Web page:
- What do the bears say? Many believe that margins are peaking, earnings are slowing down, and that indicators show the start of a rolling bear market – and therefore that the market has misjudged the risk and potential fallout of these deteriorating macro conditions. However, many bears have been perhaps been too skeptical by overestimating the impact of tariffs on the market. Bears will argue that investors remain too complacent and are missing the underlying risks. They believe tariff escalation could possibly lead corporate managements to hesitate to be proactive in capex spending, M&A and other investments. To further substantiate the bearish view, going into Q3 earnings, companies may be challenged to sustain spending and investing when costs are already going up and comps will be tough.
- Thus, it seems trade worries have been pushed to the beginning of 2019 and the focus has shifted back to economic growth, corporate earnings, and a 17x multiple for the S&P.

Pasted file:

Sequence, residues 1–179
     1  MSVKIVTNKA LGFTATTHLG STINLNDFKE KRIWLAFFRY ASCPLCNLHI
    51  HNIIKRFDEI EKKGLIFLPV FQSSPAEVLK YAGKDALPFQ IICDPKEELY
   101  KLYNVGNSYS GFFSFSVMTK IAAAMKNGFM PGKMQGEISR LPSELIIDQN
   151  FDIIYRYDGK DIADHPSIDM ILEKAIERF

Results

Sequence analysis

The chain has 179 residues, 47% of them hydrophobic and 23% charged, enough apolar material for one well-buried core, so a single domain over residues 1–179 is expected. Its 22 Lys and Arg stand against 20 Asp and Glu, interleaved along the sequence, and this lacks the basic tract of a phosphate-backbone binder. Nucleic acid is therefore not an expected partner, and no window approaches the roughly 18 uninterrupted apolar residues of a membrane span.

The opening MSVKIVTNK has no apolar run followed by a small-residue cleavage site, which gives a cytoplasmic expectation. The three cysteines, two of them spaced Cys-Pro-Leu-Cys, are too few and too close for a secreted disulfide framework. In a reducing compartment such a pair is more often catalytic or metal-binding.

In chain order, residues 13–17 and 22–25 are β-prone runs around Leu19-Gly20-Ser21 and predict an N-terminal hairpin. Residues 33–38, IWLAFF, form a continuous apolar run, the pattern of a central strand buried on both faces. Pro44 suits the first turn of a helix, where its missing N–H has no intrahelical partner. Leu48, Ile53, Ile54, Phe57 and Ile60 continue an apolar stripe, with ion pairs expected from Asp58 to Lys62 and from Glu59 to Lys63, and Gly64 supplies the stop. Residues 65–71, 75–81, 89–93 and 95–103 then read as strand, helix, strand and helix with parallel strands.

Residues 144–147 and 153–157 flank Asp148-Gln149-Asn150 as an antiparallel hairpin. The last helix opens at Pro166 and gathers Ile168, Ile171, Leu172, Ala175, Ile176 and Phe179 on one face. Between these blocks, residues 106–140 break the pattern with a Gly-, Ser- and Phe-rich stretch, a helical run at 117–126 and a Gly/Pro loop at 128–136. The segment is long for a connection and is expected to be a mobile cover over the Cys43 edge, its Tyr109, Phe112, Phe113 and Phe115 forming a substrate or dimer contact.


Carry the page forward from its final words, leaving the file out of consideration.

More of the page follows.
- Speaking of more bull vs bear debates, the credit market in the US offers an interesting discussion. Some argue that corporate credit fundamentals have deteriorated across the credit spectrum – IG, HY, and Leveraged Loans, as companies have engaged in a debt binge over the course of this cycle. This has been ongoing for some time and a reason to be concerned, but ultimately not an area where there is a clear catalyst just yet. Tax reform is giving companies more money to meet debt related obligations. The bull case for the IG market is that M&A supply has been digested well and the market is tighter. With the rate move, the all-in yield of the market has attracted a lot of buying across the globe. Post September, issuance for October is expected to be light at 80-100bb (compares to 120bb from last year). In contrast, the bear case is that the market is flooded with too many BBB-rated bonds and given the recent run, the market is susceptible to a quick correction if treasury yields or stocks stop moving gradually higher.